Chapter 3 (Australia only) Australia New Zealand Food Standards Code
NOTE: The Food Safety Standards do not apply in New Zealand. The provisions of the food standards treaty between Australia and New Zealand do not include food hygiene standards.
Under Standard 3.2.2 Food Safety Practices and General Requirements, the owners of food businesses are responsible for making sure that people who handle food or food contact surfaces in their business, and the people who supervise this work, have the skills and knowledge they need to handle food safely.
The only exception to this requirement is for charitable or community fundraising events, which sell food that is not potentially hazardous or that will be properly cooked and then eaten straightaway.
The skills and knowledge requirement was included in the standard to ensure that staff handle food correctly and that it remains safe to eat.
What do ‘skills’ and ‘knowledge’ mean for your business?
Skill: Your staff and their supervisors must be able to do their work in ways that ensure that your business produces safe food.
Knowledge: Your staff and their supervisors must know about issues associated with food safety and safe food handling practices that are relevant to your business and the jobs they do for you.
What do staff and supervisors have to know?
Food handlers must have the skills and knowledge that they need to handle food safely as they carry out the work that they are responsible for. They do not need skills and knowledge for other jobs in the business. For example, in a catering business, someone who makes sandwiches will need skills and knowledge that are quite different from the skills and knowledge needed by someone who does the cleaning for the business.
However, if some staff help with other work when people are away, or sometimes supervise other food handlers, then they must also have the skills and knowledge for this other work, as well as the skills and knowledge to do their regular work.
Staff skills and knowledge must include food safety and food hygiene matters. Food safety issues cover what staff must do to food to keep food safe. Food hygiene practices cover what staff must do to keep things clean so they do not contaminate food. The following example shows the difference between food safety issues and food hygiene practices.
A food handler in a shop prepares, stuffs and cooks whole chickens. The staff member who does this work must have appropriate food safety and food hygiene knowledge and skills to make sure that the chicken is prepared safely for sale.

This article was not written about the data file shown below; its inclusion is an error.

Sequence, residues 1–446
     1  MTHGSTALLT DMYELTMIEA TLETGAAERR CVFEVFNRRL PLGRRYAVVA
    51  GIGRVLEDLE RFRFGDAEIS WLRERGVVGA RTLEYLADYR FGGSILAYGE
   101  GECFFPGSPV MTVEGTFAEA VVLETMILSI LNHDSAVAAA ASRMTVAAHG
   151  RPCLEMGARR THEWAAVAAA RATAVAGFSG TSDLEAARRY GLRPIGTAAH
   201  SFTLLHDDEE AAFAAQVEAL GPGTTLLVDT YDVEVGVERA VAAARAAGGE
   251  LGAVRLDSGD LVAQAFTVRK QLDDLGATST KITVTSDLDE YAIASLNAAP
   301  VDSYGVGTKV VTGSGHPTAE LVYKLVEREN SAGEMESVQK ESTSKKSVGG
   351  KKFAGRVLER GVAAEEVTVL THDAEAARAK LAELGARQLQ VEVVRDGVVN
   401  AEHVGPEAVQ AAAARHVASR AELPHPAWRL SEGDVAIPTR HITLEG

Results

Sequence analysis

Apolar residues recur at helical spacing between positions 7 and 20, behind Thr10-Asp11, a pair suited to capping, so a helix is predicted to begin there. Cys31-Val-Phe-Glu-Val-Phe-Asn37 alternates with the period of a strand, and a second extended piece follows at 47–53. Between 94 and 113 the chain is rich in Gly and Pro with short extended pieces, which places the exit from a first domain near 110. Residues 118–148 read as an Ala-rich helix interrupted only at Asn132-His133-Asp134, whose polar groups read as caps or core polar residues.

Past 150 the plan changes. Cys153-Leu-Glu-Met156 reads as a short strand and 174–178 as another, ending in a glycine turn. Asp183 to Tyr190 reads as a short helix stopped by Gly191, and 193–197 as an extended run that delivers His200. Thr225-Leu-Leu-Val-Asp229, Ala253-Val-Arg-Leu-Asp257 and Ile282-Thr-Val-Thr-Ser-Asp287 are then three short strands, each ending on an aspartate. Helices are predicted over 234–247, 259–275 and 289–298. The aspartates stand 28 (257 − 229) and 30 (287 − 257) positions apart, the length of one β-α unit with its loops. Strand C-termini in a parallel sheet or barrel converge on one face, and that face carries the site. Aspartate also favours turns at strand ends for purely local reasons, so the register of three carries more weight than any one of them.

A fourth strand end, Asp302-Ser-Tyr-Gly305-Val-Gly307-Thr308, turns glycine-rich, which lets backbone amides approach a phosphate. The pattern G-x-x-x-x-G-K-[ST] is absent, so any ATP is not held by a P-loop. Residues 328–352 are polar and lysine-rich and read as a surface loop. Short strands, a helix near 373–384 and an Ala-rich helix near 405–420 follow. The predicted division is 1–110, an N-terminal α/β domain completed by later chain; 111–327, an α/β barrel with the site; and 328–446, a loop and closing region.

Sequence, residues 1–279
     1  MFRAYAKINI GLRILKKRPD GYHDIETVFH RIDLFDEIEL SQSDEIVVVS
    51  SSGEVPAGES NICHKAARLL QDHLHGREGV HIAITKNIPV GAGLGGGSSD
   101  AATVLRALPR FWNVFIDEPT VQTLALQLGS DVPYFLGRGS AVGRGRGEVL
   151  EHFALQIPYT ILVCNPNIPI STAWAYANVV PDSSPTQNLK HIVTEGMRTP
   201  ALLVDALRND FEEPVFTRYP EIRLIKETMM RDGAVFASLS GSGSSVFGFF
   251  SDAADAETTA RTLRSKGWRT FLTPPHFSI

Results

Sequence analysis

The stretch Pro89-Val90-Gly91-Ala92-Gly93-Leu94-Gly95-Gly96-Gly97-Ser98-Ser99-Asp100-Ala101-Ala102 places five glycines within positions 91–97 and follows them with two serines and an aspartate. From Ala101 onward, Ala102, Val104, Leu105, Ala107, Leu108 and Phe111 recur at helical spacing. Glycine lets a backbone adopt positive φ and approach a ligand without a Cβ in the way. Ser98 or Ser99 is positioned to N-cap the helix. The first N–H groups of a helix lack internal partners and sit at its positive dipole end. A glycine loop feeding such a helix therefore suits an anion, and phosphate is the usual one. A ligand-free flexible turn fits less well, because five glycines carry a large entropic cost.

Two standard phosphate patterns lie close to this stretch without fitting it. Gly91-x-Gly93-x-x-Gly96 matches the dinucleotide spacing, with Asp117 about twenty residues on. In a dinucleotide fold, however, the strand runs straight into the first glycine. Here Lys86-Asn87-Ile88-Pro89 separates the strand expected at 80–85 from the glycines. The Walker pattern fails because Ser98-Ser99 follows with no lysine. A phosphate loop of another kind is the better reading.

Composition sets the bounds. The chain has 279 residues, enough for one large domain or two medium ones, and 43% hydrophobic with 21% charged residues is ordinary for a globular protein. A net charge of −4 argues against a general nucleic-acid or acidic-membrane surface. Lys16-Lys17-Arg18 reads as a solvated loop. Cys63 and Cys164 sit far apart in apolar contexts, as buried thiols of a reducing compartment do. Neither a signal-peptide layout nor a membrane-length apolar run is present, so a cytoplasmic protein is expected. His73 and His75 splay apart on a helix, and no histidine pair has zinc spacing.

The food safety skills and knowledge needed for this job include:
- knowing that raw chickens are likely to be contaminated with dangerous bacteria and that eating undercooked chicken can cause food poisoning;
- knowing the cooking time and temperature needed to make sure that the chicken and the stuffing are thoroughly cooked;
- the skill needed to check the chicken to make sure it is thoroughly cooked;
- knowing the correct storage temperatures for both raw and cooked chickens; and
- the skills needed to make sure that equipment is set at the right temperature.
The food hygiene skills and knowledge needed for this job include:
- knowing that hands, gloves or the equipment used to handle raw chickens can contaminate cooked chickens;
- the skill to wash hands and equipment in ways that reduce the potential for contamination;
- knowing about other things that could contaminate the cooked chickens, such as dirty clothes or dirty work benches; and
- the skills needed to keep the work area clean.
How do I make sure that staff have appropriate skills and knowledge?
Formal training is not required. There are many different things you can do and factors you can take into account to ensure that staff have the skills and knowledge they need for their work. Some examples are:
- ‘in house’ training by other staff or the owner of the business;
- giving staff food safety and food hygiene information for them to read;
- operating rules that set out the responsibilities of food handlers and their supervisors;
- sending staff to food safety courses run by other people;
- hiring a consultant to run a course for the staff of the business; and
- recruiting staff with formal industry based training qualifications.
Businesses can choose the approach that best suits their business, provided they can be confident that their staff have the skills and knowledge needed for the work they do.
How can I comply with the skills and knowledge requirement?
Businesses may find the following questions useful when considering the requirement regarding food handling skills and knowledge.
Have you identified the food handling and safety risks in your business?
What food handling tasks do different staff members carry out?
Have staff been told or shown how to handle food safely within your business?
Is someone responsible for making sure any set procedures or rules are followed?
Do you have the equipment and space that staff need to keep work areas clean?
Businesses which ensure that their food handlers have safe food handling skills and knowledge, who supervise the work of their staff, and who regularly remind them about safe food handling practices, should find it easy to comply with the skills and knowledge requirement.
Need more information?
Find the standards
Food businesses may also seek advice directly from the Environmental Health Officers at their local council, or from their state or territory health or health services department and Public Health Units.